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There Is an I in Team: What Elite Athletes and Coaches Really Know About High Performance Hardcover – July 3, 2012
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The Abilene Paradox is just one of many fascinating revelations in this important book. Teams from the worlds of sports to business to nonprofits to family groups can benefit from de Rond’s revealing insights.” Financial Executive International
intriguing new book” Financial Times
Successful sports coaches have always understood that a lack of conflict in teams is not always a good thing and a belief in luck can be an important power-enhancing tool. Now, argues de Rond, it is high time business managers realised the same thing.” I: Global Intelligence for the CIO
de Rond combines the latest social and psychological research with stories from world-class sports teams and high-performance athletes, testing many popular notions about teams and teaching a new way to view team potential as a path to business advantage.” Business Executive
Mark de Rond highlights similarities between key business dilemmas and issues faced on sports teams, discussing the lessons that managers can learn from the world of high performance athletes.” HR Grapevine
de Rond explains why so many of the most talented, gifted individuals have trouble working in teams and presents ways for team leaders to overcome this obstacle to high team performance.” Business Digest
de Rond looks at what top performance athletes and coaches know about high performance to challenge common assumptions about teams.” The Irish Times
A very well researched and stimulating book.” HR Zone
ADVANCE PRAISE for There Is an I in Team:
Steve Hollis, Senior Partner, KPMG
Very few business books make me stop and think. De Rond’s latest work very skillfully translates the drivers of team sport excellence and positions them in the more complex business arena. A must-read for anyone striving for competitive advantage.”
Edwin Moses, Chairman and CEO, Ablynx nv
Now I understand why there is an I in team’ and also why there is a star in Mark de Rond.’ Thought-provoking and applicable to an extraordinarily wide range of team situations. You will think and act differently after reading this.”
Amy C. Edmondson, Novartis Professor of Leadership and Management, Harvard Business School; author, Teaming: How Organizations Learn, Innovate, and Compete in the Knowledge Economy
There Is an I in Team debunks a host of commonly held beliefs about what makes teams work. An appreciation of the role of great individual performersstarsin creating great teams is long overdue.”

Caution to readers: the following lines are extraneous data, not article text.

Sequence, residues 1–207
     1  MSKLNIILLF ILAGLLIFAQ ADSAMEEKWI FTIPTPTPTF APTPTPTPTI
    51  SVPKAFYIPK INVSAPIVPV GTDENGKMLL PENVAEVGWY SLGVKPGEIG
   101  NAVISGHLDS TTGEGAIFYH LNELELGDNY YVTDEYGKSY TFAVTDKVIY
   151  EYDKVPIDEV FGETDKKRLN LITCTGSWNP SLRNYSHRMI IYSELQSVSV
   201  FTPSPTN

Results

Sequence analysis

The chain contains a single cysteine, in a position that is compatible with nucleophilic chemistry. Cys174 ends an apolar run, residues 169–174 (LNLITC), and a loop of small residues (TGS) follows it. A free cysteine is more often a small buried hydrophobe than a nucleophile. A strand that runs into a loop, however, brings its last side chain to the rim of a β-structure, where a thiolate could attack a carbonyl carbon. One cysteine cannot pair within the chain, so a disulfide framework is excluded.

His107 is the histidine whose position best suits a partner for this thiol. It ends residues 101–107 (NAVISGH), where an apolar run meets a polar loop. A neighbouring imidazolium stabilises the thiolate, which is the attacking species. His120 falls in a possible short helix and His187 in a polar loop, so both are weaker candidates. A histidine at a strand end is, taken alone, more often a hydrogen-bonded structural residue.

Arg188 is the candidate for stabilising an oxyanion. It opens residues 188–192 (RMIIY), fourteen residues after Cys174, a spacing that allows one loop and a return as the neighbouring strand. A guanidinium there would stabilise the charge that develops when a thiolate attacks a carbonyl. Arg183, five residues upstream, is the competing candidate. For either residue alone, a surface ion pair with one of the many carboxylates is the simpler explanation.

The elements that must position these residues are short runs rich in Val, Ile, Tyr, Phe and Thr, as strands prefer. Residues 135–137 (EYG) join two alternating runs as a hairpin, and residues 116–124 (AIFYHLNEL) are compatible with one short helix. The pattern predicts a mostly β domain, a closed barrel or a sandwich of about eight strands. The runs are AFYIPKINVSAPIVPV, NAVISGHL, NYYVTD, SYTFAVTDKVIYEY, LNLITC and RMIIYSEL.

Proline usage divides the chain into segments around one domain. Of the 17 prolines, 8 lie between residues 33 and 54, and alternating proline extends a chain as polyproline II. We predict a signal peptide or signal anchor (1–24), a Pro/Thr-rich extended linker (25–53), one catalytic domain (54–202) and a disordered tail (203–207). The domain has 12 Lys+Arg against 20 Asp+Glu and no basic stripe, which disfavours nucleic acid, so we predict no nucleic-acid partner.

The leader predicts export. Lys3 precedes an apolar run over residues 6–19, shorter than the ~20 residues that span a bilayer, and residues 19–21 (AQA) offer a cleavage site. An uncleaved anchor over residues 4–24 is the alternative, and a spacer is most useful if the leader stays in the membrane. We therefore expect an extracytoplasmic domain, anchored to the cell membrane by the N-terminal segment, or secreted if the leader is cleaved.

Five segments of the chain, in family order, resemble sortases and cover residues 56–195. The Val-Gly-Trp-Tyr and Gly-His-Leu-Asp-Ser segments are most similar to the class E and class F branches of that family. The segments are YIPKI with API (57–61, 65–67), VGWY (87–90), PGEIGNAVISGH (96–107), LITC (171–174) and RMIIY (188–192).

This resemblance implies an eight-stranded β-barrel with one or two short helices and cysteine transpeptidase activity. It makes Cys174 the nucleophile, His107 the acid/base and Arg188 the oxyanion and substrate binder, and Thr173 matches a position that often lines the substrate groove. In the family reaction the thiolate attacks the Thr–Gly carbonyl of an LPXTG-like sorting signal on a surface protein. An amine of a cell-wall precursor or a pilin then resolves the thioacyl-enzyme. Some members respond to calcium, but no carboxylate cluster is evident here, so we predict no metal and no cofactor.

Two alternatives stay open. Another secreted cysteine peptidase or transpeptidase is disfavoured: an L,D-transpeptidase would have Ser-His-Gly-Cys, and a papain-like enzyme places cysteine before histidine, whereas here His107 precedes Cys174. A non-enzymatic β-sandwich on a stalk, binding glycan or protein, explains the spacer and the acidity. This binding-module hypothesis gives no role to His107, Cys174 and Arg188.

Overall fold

Tom James, MBE, Olympic Gold Medalist, Rowing
This is an incredibly good book that challenges the current, and almost universal, definition of what a team is. De Rond’s examination and reflections on human behavior within sport provides a highly intuitive insight into what really makes a team successful. A very enjoyable read.”
Glenn Earle, Former Chief Operating Officer, Goldman Sachs International
Intriguing and accessible. De Rond uses research, anecdotes and analysis from the world of sport to identify the combination of art and science necessary to develop and sustain a winning team. He shows how the greatest leaders motivate the individuals that make up their teams to work together, inspire each other, perform at the highest level, and win.”
Lord Bilimoria, CBE, DL, Chairman and Founder, Cobra Beer
There Is an I in Team challenges so many of the clichés about teamwork that we all take for granted. This is a book that is impossible to put down, yet it makes you stop, think, reflect, and question at every corner.”
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Top customer reviews
Pointing out counter-intuitive conclusions such as that groups or teams that owe up to errors are more valuable to an organization because reported errors can be fixed; whereas teams that feel psychologically unsafe do not report or hide their mistakes (think Penn State).
A good read, especially if taken to heart, for anyone managing people, teams, departments or divisions.
It is a pretty quick read. It clocks in at one hundred and fifty pages and thankfully there is a lot less waffle in here than in most business books. It is well written and it asks lots of thought provoking questions. It is quite easy to follow and jargon is kept to a minimum.
However I thought that it was a bit lacking when it came to giving genuinely useful advise that could actually be followed. It was often a bit vague.
However despite this I did find that the book was quite useful and have made use of a few things that I learnt with its pages.